Back from a great time at the Spring Bank Holiday Off The Tracks. A full review will appear on eFestivals this week once I’ve recovered enough to write it up. I tried to blog from there but couldn’t get a good enough signal to allow for uploading. Here’s something I wrote yesterday (Sunday) morning…
I’ve returned to my car to survey the lie of the land. The grass is soggy;puddles sit on the surface suggesting it could be a slipping and sliding affair to get out of this car park.
From elsewhere, the roar of Super Bikes has just kicked in again. The thunderous throttling hum has been a constant this weekend though it has sometimes been drowned out by low flying planes about to land and mostly been hidden by the live music on offer.
I am here at Off The Tracks. My belly aches suggesting that one of the 80 real ales lives on inside me (Just to clarify, I didn’t have 80) and blue sky is trying to break out from behind the cloud. My hands are no longer cold. An extra layer of socks are keeping my feet warm.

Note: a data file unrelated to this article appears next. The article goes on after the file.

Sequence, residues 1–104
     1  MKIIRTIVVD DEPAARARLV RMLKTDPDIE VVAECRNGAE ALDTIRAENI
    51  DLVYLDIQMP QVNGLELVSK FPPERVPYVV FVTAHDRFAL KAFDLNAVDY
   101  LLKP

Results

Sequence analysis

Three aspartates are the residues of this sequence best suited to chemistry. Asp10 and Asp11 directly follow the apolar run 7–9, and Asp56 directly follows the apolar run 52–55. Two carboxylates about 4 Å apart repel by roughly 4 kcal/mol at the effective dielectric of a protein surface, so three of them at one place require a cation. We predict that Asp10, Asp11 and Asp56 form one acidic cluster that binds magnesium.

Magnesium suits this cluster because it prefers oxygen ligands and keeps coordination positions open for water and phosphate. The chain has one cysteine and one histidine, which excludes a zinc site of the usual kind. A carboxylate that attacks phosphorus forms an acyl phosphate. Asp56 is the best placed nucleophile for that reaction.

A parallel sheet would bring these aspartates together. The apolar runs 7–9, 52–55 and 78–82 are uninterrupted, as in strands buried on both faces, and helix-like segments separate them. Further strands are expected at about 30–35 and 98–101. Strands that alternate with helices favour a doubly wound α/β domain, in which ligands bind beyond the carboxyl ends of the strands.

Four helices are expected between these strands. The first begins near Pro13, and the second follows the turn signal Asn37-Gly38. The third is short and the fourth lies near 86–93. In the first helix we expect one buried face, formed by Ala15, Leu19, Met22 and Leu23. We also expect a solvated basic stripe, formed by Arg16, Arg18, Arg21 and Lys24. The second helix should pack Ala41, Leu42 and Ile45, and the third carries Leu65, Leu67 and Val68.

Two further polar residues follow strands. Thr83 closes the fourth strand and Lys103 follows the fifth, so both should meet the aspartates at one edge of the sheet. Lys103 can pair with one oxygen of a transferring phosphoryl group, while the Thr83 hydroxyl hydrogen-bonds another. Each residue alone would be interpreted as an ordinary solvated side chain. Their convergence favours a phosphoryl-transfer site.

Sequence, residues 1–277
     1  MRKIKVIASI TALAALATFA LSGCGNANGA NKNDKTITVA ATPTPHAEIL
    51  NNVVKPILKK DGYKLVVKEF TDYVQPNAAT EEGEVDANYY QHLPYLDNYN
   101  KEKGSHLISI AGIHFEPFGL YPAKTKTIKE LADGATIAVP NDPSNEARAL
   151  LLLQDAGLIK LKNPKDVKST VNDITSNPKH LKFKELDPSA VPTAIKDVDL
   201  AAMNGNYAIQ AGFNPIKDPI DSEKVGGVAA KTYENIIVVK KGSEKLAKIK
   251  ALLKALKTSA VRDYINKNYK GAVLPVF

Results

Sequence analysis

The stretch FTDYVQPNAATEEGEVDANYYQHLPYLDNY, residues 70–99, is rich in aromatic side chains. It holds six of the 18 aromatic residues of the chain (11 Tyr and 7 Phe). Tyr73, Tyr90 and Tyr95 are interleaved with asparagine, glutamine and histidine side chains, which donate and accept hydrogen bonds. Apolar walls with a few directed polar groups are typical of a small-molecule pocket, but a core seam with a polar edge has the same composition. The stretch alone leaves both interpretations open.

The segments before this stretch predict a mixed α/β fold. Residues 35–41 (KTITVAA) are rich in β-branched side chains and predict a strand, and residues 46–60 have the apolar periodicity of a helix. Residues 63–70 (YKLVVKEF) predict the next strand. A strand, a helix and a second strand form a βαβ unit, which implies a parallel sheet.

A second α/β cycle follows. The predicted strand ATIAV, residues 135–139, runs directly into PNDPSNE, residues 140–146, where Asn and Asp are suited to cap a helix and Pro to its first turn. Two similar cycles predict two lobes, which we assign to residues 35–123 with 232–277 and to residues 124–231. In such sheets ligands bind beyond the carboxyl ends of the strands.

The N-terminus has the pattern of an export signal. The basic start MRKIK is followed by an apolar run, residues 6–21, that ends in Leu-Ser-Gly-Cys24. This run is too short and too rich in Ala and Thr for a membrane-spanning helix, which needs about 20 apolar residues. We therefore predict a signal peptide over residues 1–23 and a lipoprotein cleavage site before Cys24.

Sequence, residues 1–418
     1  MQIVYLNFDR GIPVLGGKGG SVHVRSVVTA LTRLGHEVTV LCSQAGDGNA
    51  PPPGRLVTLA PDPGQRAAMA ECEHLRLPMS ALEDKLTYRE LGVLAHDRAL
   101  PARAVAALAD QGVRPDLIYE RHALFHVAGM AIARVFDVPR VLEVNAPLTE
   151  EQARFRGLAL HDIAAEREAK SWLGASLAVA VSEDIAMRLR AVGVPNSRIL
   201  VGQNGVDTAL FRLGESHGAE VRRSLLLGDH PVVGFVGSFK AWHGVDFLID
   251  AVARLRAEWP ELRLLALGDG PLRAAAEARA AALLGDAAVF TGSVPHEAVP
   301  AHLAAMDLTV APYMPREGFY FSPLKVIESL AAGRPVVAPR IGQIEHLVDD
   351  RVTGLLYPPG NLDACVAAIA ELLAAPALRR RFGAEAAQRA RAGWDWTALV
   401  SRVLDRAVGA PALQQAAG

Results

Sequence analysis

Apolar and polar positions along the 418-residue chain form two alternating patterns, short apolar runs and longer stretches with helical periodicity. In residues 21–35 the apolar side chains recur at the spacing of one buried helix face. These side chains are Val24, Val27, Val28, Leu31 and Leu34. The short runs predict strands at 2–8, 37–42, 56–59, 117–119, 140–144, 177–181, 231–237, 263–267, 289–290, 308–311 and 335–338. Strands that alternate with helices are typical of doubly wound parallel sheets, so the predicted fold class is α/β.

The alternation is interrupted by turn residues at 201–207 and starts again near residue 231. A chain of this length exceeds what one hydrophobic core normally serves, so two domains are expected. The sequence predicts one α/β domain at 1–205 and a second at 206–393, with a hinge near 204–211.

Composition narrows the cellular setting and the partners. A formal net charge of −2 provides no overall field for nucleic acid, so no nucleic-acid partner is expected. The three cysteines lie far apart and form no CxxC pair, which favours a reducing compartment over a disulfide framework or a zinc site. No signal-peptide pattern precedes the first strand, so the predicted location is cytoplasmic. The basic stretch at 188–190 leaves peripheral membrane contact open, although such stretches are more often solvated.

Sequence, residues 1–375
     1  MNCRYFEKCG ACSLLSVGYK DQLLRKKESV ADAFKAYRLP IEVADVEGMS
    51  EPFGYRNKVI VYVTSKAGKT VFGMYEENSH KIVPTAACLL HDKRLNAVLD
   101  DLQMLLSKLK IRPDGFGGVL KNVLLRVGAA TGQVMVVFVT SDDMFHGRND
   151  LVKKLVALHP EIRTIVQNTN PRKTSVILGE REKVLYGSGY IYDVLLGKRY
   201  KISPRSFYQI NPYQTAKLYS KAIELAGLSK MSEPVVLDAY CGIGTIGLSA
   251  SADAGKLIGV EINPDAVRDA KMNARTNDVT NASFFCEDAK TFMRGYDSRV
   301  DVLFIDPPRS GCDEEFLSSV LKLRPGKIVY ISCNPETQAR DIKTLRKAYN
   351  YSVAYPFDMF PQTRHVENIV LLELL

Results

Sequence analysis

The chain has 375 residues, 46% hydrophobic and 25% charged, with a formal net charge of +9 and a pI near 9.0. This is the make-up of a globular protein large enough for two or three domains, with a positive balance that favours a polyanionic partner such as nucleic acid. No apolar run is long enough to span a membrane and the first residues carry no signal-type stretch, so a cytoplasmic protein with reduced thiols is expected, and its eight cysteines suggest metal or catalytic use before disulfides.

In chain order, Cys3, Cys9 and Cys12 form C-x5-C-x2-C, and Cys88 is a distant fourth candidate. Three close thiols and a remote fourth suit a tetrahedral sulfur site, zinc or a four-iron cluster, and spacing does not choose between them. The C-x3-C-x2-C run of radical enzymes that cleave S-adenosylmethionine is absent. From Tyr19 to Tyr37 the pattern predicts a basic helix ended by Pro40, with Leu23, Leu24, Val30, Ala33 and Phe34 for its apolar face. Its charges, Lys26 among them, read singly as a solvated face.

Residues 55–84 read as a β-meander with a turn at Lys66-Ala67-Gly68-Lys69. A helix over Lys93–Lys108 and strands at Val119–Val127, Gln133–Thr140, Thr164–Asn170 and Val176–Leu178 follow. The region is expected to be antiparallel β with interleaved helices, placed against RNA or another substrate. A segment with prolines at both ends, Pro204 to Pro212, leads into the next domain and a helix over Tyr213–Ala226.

But my feet aren’t hot. I’d go as far as suggesting that the only Hot Feet here yesterday were the band of that name from Stroud who entertained from a threshing barn. Hot Feet opened up an early evening session. Punters were still feeling the effects of the hog roast, the incredible, electric, storm that left everybody rushing for cover and a break for beer so Hot Feet’s languishing folk-fuelled laments hit a sweet spot.
I sat on a bench towards the front and marvelled at their display. The drunken, bumbling compere introduced this band as one with the best female vocalist we’d see all weekend. Marianne certainly did impress. A voice, fragile and pure, yet with a hint of rural ruddiness. These are songs rooted in farmyard barn simplicity that break out into urban sprawls of sound.
And I find it rather charming. They’re apparently playing at Wychwood next weekend, another festival I’m reviewing. My mind is made up that I’ll see them there again. No cold feet from these quarters.